4-Hour Virtual Seminar

4-Hour Virtual Seminar on Combination Product Device Supplier Management Training

John E Lincoln Instructor:
John E Lincoln 
Friday, July 19, 2024
08:00 AM PDT | 11:00 AM EDT
4 Hours
Webinar ID: 502140

More Trainings by this Expert

Price Details
Live Webinar
$445 One Attendee
$645 Corporate Live
Recorded Webinar
$495 One Attendee
$845 Corporate Recorded
Combo Offers
Live + Recorded
$752 $940 Live + Recorded
Corporate (Live + Recorded)
$1192 $1490 Corporate
(Live + Recorded)

Live: One Dial-in One Attendee

Corporate Live: Any number of participants

Recorded: Access recorded version, only for one participant unlimited viewing for 6 months ( Access information will be emailed 24 hours after the completion of live webinar)

Corporate Recorded: Access recorded version, Any number of participants unlimited viewing for 6 months ( Access information will be emailed 24 hours after the completion of live webinar)


There has been a major shift in the emphasis of U.S. FDA requirements for supplier CGMP compliance.

The FDA has implemented major global initiatives. Companies are required to tightly manage their entire supply chain. The infrastructure behind the COA / COC is being challenged. Such changes in focus have a major impact on individual compliance objectives, efforts, and measurements of success. The Agency is reacting to increasing negative publicity due to major publicized product failures / recalls / and notable recent product shortages, leading to public concern over insufficient oversight of the entire medical product supply chain, including global outsourcing. Of both raw materials, components, as well as services.

Combination products add further complexity. "Better science" requirement impacts suppliers as well. All this is affecting the Agency's approach to inspections/audits and their expectations for companies. These areas of change will be evaluated to see how to better prepare for and address supplier chain management and vendor audits.

Why should you Attend:
Recent FDA statements and actions indicate that past ways of managing a company's supply chain/outsourcing are not acceptable. The U.S. FDA has opened eleven of its own branches in Mainland China, India, and other major areas of the world to train their local counterparts and to better address and audit regulatory compliance of suppliers of medical products and components destined for the U.S. CGMP compliance cannot be passed on to suppliers.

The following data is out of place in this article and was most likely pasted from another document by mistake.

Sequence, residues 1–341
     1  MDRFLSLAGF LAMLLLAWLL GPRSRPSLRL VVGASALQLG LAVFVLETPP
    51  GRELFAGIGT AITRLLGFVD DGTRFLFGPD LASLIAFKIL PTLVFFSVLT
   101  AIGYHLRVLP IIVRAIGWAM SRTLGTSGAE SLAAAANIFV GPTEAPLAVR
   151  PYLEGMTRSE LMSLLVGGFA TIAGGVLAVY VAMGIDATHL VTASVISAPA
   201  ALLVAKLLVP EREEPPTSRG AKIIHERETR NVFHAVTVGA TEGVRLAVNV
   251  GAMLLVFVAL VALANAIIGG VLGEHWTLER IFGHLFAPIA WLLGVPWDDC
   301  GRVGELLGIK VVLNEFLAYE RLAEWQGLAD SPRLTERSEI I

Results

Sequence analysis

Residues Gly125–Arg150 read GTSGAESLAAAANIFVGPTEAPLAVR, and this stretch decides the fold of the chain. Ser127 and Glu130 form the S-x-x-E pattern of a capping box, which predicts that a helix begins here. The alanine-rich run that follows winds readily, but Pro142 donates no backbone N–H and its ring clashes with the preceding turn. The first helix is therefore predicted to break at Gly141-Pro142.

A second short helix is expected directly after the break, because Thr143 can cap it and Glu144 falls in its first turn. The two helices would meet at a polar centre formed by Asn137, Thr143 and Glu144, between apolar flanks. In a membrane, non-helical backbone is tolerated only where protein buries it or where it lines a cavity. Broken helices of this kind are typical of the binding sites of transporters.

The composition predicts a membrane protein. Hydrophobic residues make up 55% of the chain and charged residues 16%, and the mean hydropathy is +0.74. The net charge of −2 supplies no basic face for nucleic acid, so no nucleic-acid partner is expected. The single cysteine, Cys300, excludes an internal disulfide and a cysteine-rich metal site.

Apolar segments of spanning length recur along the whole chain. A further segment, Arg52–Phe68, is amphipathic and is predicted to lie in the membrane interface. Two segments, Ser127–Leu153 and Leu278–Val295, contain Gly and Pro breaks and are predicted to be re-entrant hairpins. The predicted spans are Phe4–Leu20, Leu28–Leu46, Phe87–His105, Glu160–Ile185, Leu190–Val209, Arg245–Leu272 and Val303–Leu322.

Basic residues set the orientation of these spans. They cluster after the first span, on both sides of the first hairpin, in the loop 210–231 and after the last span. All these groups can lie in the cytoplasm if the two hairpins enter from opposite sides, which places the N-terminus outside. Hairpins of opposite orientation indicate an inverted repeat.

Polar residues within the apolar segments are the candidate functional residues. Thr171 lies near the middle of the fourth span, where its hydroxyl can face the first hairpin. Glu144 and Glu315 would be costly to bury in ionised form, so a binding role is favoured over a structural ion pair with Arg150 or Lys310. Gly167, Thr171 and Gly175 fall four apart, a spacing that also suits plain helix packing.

Suppliers themselves must meet specific CGMP requirements. Proof for "better science" is also a new expectation and is already having an effect on COAs and COCs. Combination products serve to compound the problems. Don't be caught off guard by these major shifts in emphasis. Refine supplier management and audits to match the growing FDA requirements.


  • The Globalization of the Supply Chain and What That Means
  • Combination products and added supplier complexity
  • Avoid complacency from past "good" FDA / ISO audits
  • Supplier Trending and Ranking Models
  • Mandated Supplier Controls; Change Controls
  • COAs / COCs
  • Consequences of the "death" of JIT
  • The Tiered Risk-Based Audit Approach

Who Will Benefit:
  • R&D
  • Regulatory Affairs
  • Quality Assurance
  • Purchasing
  • Production
  • Engineering
  • All personnel involved in a U.S. FDA-regulated Environment

Speaker Profile
John E. Lincoln is a medical device and regulatory affairs consultant. He has helped companies to implement or modify their GMP systems and procedures, product risk management, U.S. FDA responses. In addition, he has successfully designed, written and run all types of process, equipment and software qualifications/validations, which have passed FDA audit or submission scrutiny, and described in peer-reviewed technical articles, and workshops, world wide.

John has also managed pilot production, regulatory affairs, product development/design control, 510(k) submissions, risk management per ISO 14971, and projects; with over 28 years of experience in the FDA-regulated medical products industry - working with start-ups to Fortune 100 companies, including Abbott Laboratories, Hospira, Tyco/Mallinckrodt. He is a graduate of UCLA.

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